The cartoon continues after the extinction of mankind, with animals of the forest coming out of hiding to seek shelter in a church in ruins. An old owl finds a discarded Bible with the oft-ignored rules “Thou Shalt Not Kill” and “Love Thy Neighbor as Thyself,” which inspires the animals to learn from the humans' mistakes and live peacefully.

The choir director makes the point in his story that the lesson "Love Thy Neighbor As Thyself" are words upon which depend the future of us all.

The animals all exchange pleasant greetings and small kindnesses

As the choir begins singing the popular carol "Hark! The Herald Angels Sing" again, we see the members of the church enter and take their seats for the Christmas service. This ending feels more hopeful for the future than the previous 1939 cartoon. There also seems to be a stronger moral tone in the later version. The biblical references from the earlier version are "Thou Shalt Not Kill" and the Old Testament adage "Ye Shall Rebuild the Old Wastes," while the 1955 version includes "Thou Shalt Not Kill" and "Love Thy Neighbor as Thyself." To be fair, it's a stronger message. The second version of this cartoon includes a scarier warning about violence, one that results in nuclear war. The more uplifting tone in the end is a welcome sentiment.

Which cartoon do you prefer--1939's Peace on Earth, or 1955's Good Will to Men? Perhaps we can all agree the message of both cartoons concerning peace and good will is a wonderful reminder any time of year.

Joanna Wilson is a TV researcher and book author specializing in Christmas entertainment. Her latest book "Triple Dog Dare: Watching--& Surviving--the 24-Hour Marathon of A Christmas Story" was released in 2016. Her books can be found at the publisher's website: 1701 press.com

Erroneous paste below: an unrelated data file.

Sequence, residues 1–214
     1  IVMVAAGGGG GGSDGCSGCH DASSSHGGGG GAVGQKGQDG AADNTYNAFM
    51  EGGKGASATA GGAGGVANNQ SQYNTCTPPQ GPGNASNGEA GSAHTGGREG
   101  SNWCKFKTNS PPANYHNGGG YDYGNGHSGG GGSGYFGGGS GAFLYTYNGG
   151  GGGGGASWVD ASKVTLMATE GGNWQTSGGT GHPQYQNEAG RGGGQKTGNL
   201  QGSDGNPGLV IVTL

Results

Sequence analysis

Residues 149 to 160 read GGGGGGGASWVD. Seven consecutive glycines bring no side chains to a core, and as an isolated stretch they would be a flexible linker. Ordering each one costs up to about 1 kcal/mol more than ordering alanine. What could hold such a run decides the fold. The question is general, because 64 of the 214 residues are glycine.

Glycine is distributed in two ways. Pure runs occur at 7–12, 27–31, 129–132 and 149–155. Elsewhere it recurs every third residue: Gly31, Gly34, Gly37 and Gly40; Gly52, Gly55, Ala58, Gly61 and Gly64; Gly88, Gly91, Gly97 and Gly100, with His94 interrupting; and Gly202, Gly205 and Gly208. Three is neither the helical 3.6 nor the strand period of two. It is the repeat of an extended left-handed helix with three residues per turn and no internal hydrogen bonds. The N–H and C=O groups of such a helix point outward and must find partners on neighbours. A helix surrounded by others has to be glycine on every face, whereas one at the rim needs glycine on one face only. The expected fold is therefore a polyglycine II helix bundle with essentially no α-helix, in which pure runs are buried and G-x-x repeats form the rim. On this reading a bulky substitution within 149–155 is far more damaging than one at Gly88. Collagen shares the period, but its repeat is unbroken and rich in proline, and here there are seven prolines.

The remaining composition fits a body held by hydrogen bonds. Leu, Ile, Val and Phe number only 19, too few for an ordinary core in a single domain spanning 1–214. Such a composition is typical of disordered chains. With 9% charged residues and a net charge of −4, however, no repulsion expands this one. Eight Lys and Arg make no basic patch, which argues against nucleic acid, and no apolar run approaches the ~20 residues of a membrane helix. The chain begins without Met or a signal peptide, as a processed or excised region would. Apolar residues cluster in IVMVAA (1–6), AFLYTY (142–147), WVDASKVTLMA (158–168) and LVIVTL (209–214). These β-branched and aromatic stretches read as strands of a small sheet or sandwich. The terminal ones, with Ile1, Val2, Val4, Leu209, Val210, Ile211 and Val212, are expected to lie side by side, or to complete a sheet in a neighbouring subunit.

Sunday, October 22, 2017

Peace on Earth (1939) Christmas cartoon

In case you don't know, cartoons like this were originally made to run in movie theaters before feature films. Audiences usually saw a couple cartoons, a newsreel, maybe other shorts, and trailers before the movie. Those were the days, eh?

I thought October would be a fun time to look back at the 1939 cartoon Peace on Earth. It was Oscar nominated for “Best Short Subject” that year. While this yuletide classic is not typically considered a horror story, it does contain frightening imagery with the intention to shock viewers--an experience that stands out against most other Christmas entertainment. Even if you've become accustomed to Dickens' ghost story, a post-apocalyptic story about the extinction of mankind isn't what we expect from a Christmas cartoon. If you haven't seen it in a while, let me remind you of the details.

The imagery from the start is bleak and frightening.

The 1939 MGM animated short was originally filmed in Technicolor, and directed by the legendary Hugh Harman. The story begins with snow falling on a bombed-out church with splintered stained glass windows, abandoned artillery, and a community in ruins after war. Viewers hear the carol "Hark! The Herald Angels Sing," however the lyrics have been changed to highlight a repetition of the phrase "Peace on Earth." Eventually we see a warm, little community of houses made from military helmets, spent mortar shells, and cannon barrels. Within that community, chipmunk carolers are seen as the ones singing "Hark! The Herald Angels Sing." An elder squirrel walks by the carolers, offering them a friendly holiday greeting before entering his home.

Grandpa squirrel offers the young ones a scary bed time story about humans.

Once inside, the elder squirrel is welcomed home by his wife and grandchildren. He offers to them the same festive greeting "Peace on Earth. Good Will to Men!" His grandchildren ask him "What are men?" and the elder squirrel decides to share a scary bedtime story to amuse them.

Confirmed: gas masks and bayonet rifles are horrifying!